out of commission

It began with my photo of Dad's hayrake as it lay rusting behind the shed.  As always, these old things bring back a flood of memories.  Dad is no longer here to hook it up to the tractor and it has been out of commission for years.  The old farm implements intrigue me in their complicated simplicity.

All wheels keep turning in some respects,
 whether out of commission or not.  

A Glimmer

Where to begin.  My week at Arrowmont will forever live large in my mind.  Not only does this facility have a grand work space for fabric arts, but there are nice accomodations (read nice dorm rooms & bath) in a pristine setting.  Spending the days with fellow textile artists, a brilliant teacher, and meeting other like minded artisans was simply inspirational. I was so taken with the experience that I neglected to take many photos.  Elizabeth summed up the classroom experience very well, so I won't go on about the virtues of Arrowmont here.   If you are reading, please take the time to jump over to Elizabeth's blog  to read about and see all the good stuff.

the last day at Arrowmont

Not having an art education, I had hoped to learn a bit about abstract art, and learn I did.  I must say that Elizabeth Barton is among the best instructors I have ever had the pleasure of listening to and learning from.  When I left my home design wall for Arrowmont, I jokingly wondered if I might return to this design

and make it into something more abstract.  I decided that was a good idea, but first, this one is taking up too much room in my studio and I really want to finish it up before I hop on the abstracting bandwagon.   

Here are a couple more photos on my Arrowmont design wall.

value sketches 

this design in hand dyed fabrics is the value design from the top right sketch,
all pinned and ready to be sewn & quilted.
Oh and disregard that funky, goldish strip to the right - I couldn't delete it.  
More photos to come when blogger and my internet connection are more cooperative.

Off I go to begin reading the book that my postman just delivered.  "The History of Modern Art" by H. H. Aronson.  (I ordered two editions of it, among others, after discovering it in the library at Arrowmont)  I know it is an oldie, but I thought it was a goodie.  While browsing through the huge volume, I was thrilled to discover all sorts of grand surprises.  


I am headed off to the Smoky Mountains for a week at Arrowmont School of Arts and Crafts.  And more specifically, a week long workshop with one of my favorite textile artists, Elizabeth Barton.  Rumour has it that Elizabeth is one of the best teachers around. If you read her blog, you will see that she not only has a wicked sense of humor, but is a brilliant scholar and textile artist.  All in all, this should make for a most inspirational  week.  I don't get abstract art at all, but hope to come to a better understanding and be able to produce something decent during the week.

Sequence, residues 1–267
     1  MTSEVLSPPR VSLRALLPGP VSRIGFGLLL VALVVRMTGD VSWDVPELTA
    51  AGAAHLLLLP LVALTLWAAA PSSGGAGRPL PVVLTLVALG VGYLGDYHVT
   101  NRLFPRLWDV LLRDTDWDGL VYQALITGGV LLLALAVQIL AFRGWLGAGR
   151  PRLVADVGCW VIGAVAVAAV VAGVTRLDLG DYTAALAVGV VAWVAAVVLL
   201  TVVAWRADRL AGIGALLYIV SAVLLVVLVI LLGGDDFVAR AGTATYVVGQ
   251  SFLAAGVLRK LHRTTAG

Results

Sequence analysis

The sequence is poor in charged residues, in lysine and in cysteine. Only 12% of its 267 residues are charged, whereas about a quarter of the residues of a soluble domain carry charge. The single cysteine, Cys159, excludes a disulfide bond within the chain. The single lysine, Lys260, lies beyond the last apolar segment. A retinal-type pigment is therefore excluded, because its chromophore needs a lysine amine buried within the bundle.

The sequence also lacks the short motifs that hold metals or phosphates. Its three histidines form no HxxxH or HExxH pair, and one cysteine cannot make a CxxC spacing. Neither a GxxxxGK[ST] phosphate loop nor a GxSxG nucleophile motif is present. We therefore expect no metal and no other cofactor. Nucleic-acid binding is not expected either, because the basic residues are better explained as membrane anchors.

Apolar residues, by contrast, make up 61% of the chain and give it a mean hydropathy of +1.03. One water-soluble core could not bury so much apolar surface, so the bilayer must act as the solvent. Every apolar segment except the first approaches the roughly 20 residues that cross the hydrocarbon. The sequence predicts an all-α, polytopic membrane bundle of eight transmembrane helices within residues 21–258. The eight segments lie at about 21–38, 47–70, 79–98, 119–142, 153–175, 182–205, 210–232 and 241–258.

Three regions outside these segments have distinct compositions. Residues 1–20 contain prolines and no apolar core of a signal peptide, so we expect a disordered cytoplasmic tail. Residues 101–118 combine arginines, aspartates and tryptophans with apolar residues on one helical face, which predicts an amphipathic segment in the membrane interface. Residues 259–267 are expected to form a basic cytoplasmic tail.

To top it off, I am going into this class less prepared that any of the other 3 workshops I have had.  I decided to approach this one from another angle. I am not going to practice her techniques, read volumes on abstract art, etc, etc, etc.  I am going to clear my mind of any preconceptions of abstract art, just chill and try to absorb all Ms. Barton has to offer.

Wish me luck as I leave my latest representational project on my design wall.

Hmmm, reckon I'll return from this experience and abstract this?

Maybe the workshop will guide me in the right direction with my little hexie project.  I have altered the design yet again.  At least I made these changes before I sewed all those little buggers together.

Walking among the trees,

I always take note of a dead cedar tree.
Mostly grey and sad in appearance.
Decided to give it another life
A bit happier, not so gloomy.  

It was  more difficult than I imagined.
Revival is often difficult, I guess.


Back from my whirlwind trip to Italy, full of new ideas, sensory overload, unable to settle down and start something new (well, sorta). I committed, (yet again) to get some pieces finished.  So stick a fork in 'er, she's done!  44" x 68" of heavy quilting.  

This old gravel road is long gone.  
I had taken lots of photos before everything changed on the farm and chose to document some of my memories in fabric.  A sign of changing times, new roads to be traveled, out with the old, in with the new,